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Robert L. McLaurin and Kathleen S. McLaurin

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Steven L. Wald and Robert L. McLaurin

✓ Hyperosmolar agents are a primary therapeutic modality employed in the treatment of traumatic intracranial hypertension. Profound hyperosmolarity accompanied by systemic dehydration is a potentially serious problem when these drugs are used repeatedly for control of intracranial pressure. Because glycerol, a water-soluble alcohol, is metabolized in the liver, its dehydrating capacity may be reduced in comparison to other agents. A series of 15 patients were treated with oral glycerol (0.5 to 1.0 gm/kg) with only minor changes in serum electrolytes, glucose, and urea nitrogen. Serum osmolarity rose from a baseline of 305 mOsm/liter to 355 mOsm/liter after 10 days of therapy. Glycerol was found to be effective and safe when employed in this protocol and proved to be a valuable adjunct to the standard methods available for control of intracranial hypertension.

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Steven L. Wald and Robert L. McLaurin

✓ Twenty patients with documented cerebrospinal fluid shunt infections were treated with daily intraventricular injections of methicillin, cephalothin, or gentamicin without removal of the shunt or external ventricular drainage. Periodic determinations of intraventricular antibiotic concentration revealed significant levels in relation to the established minimum inhibitory concentration in all cases.

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Robert L. McLaurin and Fredric Helmer

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Extradural Hematoma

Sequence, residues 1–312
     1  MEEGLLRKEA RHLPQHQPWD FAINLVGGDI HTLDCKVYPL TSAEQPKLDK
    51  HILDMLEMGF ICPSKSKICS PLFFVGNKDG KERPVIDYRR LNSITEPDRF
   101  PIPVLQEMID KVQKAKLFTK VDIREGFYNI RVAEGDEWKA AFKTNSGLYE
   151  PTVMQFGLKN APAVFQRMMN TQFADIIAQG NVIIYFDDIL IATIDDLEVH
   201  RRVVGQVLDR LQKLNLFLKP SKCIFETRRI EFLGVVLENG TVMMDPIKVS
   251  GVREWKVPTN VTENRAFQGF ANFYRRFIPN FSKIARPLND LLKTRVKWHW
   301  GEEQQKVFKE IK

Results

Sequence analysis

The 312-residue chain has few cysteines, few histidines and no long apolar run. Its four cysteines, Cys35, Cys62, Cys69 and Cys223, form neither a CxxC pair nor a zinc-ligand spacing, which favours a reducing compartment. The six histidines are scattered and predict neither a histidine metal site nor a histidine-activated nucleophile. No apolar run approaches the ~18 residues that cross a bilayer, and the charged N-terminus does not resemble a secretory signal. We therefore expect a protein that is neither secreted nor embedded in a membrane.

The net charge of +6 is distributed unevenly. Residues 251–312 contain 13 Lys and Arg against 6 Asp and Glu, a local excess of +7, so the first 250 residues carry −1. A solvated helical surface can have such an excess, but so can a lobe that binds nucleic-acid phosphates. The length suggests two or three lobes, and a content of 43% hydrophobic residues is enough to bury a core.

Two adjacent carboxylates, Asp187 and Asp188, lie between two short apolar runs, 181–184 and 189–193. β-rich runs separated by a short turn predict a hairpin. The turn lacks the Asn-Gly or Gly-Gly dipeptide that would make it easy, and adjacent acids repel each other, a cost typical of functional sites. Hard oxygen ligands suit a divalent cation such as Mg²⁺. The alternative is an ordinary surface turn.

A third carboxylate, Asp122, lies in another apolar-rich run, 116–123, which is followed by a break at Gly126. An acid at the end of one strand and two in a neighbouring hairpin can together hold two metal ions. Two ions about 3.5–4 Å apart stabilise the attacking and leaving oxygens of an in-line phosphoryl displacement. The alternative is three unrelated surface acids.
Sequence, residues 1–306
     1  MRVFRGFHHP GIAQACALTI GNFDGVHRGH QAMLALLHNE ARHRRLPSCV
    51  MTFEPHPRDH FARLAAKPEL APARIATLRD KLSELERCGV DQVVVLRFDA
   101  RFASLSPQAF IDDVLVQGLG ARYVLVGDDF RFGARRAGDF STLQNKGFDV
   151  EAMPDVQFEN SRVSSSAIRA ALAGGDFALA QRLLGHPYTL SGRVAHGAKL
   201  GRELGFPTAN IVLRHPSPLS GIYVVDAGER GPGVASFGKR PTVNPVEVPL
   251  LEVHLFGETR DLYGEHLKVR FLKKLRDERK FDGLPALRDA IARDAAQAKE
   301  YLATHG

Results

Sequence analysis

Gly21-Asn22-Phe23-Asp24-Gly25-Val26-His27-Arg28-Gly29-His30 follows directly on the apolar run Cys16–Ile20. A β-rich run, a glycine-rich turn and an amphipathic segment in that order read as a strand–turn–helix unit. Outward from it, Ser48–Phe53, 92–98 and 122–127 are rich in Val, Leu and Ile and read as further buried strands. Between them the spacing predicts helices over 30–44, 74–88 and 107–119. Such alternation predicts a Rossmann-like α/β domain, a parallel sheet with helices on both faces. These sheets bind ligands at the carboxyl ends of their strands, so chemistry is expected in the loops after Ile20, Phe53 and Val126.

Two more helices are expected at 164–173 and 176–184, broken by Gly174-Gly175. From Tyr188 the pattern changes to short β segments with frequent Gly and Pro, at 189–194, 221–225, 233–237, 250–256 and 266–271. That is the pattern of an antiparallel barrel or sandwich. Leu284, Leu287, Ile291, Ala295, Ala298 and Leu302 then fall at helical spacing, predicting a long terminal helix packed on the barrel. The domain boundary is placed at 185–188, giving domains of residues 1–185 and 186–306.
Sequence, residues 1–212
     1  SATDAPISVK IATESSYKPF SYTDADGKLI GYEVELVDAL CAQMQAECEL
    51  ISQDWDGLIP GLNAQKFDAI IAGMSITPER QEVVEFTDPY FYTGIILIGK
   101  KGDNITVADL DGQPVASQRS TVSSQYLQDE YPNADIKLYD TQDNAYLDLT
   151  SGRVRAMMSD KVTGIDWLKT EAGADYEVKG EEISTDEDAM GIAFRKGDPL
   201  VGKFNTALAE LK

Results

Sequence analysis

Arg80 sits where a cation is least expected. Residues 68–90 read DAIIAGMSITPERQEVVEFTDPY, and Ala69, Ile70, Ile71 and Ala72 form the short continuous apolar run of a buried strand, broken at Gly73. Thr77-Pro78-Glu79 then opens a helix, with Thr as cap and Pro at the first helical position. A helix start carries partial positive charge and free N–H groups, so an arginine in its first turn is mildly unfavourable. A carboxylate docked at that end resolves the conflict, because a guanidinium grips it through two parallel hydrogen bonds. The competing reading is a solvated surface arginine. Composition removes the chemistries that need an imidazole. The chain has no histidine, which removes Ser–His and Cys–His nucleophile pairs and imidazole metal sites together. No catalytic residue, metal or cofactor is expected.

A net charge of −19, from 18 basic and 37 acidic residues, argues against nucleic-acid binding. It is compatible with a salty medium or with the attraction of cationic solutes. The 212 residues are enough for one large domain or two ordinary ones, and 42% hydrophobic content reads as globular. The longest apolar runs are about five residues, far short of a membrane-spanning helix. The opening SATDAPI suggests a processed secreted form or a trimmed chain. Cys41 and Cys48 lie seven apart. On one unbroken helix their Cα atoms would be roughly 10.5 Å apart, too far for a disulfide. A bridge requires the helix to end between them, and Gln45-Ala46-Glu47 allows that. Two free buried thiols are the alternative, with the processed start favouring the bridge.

Statistical Survey of Forty-Seven Cases

Robert L. McLaurin and Lowell E. Ford

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Acute Subdural Hematoma

Review of Ninety Cases

Robert L. McLaurin and Forrest T. Tutor

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Lowell E. Ford and Robert L. McLaurin

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Dandy-Walker syndrome

Clinical analysis of 23 cases

Raymond Sawaya and Robert L. McLaurin

✓ A clinical analysis of 23 patients with Dandy-Walker malformation indicates that more than 85% of them were diagnosed at or before 1 year of age, and that the incidence of associated anomalies is approximately 50%, with a 17% incidence for agenesis of the corpus callosum. The significance of the presence of these anomalies is substantiated by the fact that of the seven deaths recorded, six were related to this disease and five were affected by associated anomalies. The high mortality rate (26%) is comparable to that of other series. The differential diagnosis with posterior fossa extra-axial cysts is discussed.

Ten patients were primarily treated with excision of the cyst membrane; all of them required subsequent shunting to control the intracranial pressure, demonstrating the futility of this approach. None of the patients treated with lateral ventricle shunting suffered an upward herniation of the posterior fossa contents, suggesting that combined shunting of the lateral and fourth ventricles is rarely necessary. The technical advantages of posterior fossa shunting alone are outlined. Of the 16 survivors, 14 were assessed for their mental development by means of standard psychometric testing. The results of the intelligence quotient (IQ) scoring have indicated that 71% of the patients have subnormal mental development (IQ < 83). There was no significant relationship between retardation and associated anomalies, although agenesis of the corpus callosum was related to poor intellectual development in the two patients so affected (IQ's of 50 and 73).

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Eugene B. Elam and Robert L. McLaurin

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Mariano M. Alvira and Robert L. McLaurin

✓ This report describes a large, asymptomatic, subdural skeletal-type chondrosarcoma originating from the meninges. Distinction between the mesenchymal and skeletal types of intracranial chondrosarcoma is important since they have different prognoses.